You can change the level at which queues are flagged to you in the settings, but the default of six is a fairly decent yardstick. Always immediately remedy problems relating to long queues, as shorter queues always benefit you. Don’t forget that you can also reorder patients in a queue by clicking on them and altering their queue number, with “1” being the next in line. It’s particularly handy when you have an emergency inbound and want to prioritise those patients above others.
5. A hospital within a hospital
As you expand and need to create additional versions of rooms to cope with your ever-expanding patient population, some upfront considerations can make all the difference. Rather than just adding rooms willy-nilly due to queue lengths, remember to replicate the working hospitals you first created. It’s worth creating separate areas with a Reception Desk, GP’s Office, Diagnosis Rooms (including Psychiatry and Ward) and maybe a Pharmacy too, so that patients can still have an efficient experience. There’s nothing worse than patients spending all their time wandering the length of your hospital on their diagnosis journey. So place useful rooms near each other, like mini hospitals and you’ll see a marked improvement in the number of patients you get through.
6. Make waiting enjoyable
With so much emphasis on your rooms and their efficiency, it can be easy to overlook the importance of the corridors and waiting areas. They need to be considered as much as your rooms are. You’ll want to make sure there’s plenty of seating so that no one has to stand whilst they’re waiting. Place them outside rooms, or in little sections back to back in open areas. You’ll also need to feed and water your patients and keep them entertained too, so don’t forget vending machines and activities.
A useful, but often overlooked feature, is the use of overviews in your hospital. There are plenty of filters you can apply to see levels of cleanliness, heating and other factors, to make sure all areas of your hospital are up to scratch. Whenever you go to buy an item, you can see in its descriptions which factors they help improve. So drop a few of the right items in neglected areas of your hospital and that’ll improve your patient happiness.
7. Upgrade and train when you can
To give yourself the best chance of success you’ll want the best staff and best machinery. That way, more patients will be cured quicker, which is what you want. Training staff in key skills is paramount for this, to ensure your patients get the best care. Certain skills like Diagnostics and Motivation are good for most Doctors and Nurses. Also if you have staff trained in Pharmacy or Ward skills, try and place them in those rooms for maximum return. Specific skills like Research or Psychiatry need to managed to make sure you have enough trained staff for the number of rooms of those types you have, allowing for staff breaks.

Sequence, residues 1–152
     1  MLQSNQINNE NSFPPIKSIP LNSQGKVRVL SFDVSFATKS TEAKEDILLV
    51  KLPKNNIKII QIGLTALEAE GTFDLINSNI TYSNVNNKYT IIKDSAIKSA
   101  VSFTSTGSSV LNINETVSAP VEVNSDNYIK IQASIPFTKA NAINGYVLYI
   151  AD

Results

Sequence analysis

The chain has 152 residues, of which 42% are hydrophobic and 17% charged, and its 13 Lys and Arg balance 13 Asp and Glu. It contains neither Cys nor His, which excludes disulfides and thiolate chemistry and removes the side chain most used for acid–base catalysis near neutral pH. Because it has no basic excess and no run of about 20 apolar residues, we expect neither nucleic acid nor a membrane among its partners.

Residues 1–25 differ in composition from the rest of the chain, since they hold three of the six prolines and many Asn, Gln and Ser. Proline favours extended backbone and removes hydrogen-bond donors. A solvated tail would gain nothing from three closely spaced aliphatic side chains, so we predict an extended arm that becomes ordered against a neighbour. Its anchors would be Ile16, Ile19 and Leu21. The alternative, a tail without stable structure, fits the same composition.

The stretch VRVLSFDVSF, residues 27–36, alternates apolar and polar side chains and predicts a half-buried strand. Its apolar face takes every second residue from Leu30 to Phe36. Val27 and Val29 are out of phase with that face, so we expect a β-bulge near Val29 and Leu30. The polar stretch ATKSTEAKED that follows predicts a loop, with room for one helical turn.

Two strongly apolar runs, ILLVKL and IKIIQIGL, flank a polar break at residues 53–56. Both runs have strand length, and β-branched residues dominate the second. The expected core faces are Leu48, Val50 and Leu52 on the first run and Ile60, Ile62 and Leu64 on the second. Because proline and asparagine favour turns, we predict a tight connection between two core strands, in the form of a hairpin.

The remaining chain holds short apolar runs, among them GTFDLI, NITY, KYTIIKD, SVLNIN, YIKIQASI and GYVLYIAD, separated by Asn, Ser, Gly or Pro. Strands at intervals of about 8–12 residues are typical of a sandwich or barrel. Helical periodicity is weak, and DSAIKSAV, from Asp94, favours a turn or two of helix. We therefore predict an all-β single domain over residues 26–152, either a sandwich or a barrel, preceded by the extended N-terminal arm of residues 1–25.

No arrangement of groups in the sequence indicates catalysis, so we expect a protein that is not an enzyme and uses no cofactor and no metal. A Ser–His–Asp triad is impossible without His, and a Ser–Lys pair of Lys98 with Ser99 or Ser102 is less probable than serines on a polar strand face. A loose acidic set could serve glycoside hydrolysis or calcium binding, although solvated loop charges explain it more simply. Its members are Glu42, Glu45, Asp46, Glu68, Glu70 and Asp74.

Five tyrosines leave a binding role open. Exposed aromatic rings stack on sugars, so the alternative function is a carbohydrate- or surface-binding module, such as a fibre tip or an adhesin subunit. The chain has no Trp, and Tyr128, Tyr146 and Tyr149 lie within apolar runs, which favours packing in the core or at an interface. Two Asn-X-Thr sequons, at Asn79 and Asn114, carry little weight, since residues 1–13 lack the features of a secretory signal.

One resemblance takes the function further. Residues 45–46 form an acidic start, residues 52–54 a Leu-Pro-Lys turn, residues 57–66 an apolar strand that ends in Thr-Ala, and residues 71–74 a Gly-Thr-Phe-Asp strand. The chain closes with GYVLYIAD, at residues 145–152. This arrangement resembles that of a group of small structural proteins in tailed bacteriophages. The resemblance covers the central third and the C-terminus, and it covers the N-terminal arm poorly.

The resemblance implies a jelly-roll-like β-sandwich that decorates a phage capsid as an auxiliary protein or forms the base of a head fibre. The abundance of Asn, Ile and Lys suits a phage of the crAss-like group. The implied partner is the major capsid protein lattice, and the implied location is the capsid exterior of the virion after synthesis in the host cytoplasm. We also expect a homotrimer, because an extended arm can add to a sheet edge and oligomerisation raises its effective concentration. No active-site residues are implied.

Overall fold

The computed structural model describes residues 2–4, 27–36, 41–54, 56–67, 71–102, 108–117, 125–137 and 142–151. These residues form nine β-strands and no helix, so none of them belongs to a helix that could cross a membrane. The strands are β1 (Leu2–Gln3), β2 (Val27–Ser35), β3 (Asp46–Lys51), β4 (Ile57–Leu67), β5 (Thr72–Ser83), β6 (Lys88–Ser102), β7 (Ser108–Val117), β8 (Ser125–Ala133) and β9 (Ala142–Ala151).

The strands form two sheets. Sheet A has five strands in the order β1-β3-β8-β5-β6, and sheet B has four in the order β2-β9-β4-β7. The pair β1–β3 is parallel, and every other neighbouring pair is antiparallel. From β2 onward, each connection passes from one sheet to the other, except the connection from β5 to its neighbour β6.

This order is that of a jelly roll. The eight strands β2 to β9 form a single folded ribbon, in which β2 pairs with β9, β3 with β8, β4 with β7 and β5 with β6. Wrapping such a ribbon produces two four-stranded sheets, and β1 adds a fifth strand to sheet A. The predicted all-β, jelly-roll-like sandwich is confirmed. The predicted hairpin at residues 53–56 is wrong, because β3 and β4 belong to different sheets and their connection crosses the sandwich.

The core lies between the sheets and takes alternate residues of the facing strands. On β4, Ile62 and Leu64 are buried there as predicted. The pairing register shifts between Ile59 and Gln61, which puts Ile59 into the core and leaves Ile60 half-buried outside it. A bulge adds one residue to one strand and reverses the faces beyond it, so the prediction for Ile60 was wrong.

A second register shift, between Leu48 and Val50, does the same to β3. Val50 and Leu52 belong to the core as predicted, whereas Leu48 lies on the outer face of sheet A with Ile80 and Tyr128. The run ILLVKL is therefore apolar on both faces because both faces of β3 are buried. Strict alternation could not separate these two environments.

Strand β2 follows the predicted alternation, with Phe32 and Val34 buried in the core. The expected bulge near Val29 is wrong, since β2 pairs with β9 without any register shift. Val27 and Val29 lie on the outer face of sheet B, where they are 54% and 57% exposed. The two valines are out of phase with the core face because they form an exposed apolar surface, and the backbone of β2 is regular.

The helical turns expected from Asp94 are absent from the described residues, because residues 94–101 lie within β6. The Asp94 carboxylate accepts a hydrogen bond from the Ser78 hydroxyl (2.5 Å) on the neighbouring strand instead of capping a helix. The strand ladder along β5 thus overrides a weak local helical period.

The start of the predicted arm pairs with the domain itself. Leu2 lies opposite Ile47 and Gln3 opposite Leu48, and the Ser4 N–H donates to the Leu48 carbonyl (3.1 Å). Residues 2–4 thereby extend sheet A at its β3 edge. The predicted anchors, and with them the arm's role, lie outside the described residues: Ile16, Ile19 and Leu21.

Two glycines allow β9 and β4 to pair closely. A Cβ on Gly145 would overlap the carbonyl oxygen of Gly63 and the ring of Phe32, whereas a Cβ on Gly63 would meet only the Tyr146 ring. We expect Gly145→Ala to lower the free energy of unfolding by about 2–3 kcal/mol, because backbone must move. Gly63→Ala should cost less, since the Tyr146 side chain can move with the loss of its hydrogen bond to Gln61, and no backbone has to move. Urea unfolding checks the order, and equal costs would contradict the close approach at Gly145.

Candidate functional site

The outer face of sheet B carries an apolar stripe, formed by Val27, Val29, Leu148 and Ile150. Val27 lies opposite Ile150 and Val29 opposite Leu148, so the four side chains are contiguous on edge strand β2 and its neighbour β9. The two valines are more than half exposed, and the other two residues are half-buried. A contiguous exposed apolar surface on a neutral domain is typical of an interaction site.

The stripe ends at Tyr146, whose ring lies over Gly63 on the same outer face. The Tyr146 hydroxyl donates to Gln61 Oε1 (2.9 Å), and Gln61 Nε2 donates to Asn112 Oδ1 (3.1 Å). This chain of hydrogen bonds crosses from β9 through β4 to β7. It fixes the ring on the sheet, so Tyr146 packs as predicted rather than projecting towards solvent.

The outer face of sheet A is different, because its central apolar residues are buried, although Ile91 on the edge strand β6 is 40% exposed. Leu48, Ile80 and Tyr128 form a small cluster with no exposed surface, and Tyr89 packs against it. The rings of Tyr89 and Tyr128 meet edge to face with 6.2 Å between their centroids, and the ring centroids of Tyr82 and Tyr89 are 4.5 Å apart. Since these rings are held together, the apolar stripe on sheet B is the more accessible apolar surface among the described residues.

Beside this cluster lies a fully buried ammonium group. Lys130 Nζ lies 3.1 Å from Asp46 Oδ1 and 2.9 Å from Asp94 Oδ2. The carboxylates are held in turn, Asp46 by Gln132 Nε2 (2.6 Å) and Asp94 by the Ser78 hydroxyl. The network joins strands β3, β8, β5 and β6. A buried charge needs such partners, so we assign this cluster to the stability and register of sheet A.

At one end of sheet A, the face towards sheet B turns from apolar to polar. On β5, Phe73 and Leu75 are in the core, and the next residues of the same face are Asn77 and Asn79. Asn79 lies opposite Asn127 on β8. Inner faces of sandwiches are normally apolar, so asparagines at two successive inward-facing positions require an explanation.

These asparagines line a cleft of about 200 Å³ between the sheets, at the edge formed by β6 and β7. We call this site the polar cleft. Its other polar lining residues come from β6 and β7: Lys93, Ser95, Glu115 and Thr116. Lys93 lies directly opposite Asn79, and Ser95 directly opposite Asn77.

Also, always upgrade machinery when you can afford to, as this will result in higher efficiency and hopefully fewer patient deaths. Often your advisor will point out machines you can still upgrade from time to time if you find yourself losing track. It’s worth occasionally pausing the game and reviewing all your machinery to see if any need upgrading. Remember training and upgrading machinery detracts your staff from performing their other duties, so make you have suitable cover otherwise your hospital will come to a standstill.
8. Check how people are feeling
Icons above a patient’s head – or indeed those of your own staff – can tell you a lot about how they’re feeling. Sometimes their mood will get so bad that people will leave your hospital in frustration. If you see this or an unhappy icon above someone’s head, pause the game and investigate. Simply hovering over them or clicking on them will give you some information on why they feel the way they do. Then figure out the simplest way to sort it out. If someone is thirsty or hungry, then consider more vending areas in the vicinity. If people are cold or bored, pop some radiators or newsstands down to alleviate their issue. Chances are this one individual isn’t alone so often helping out one person will benefit the many.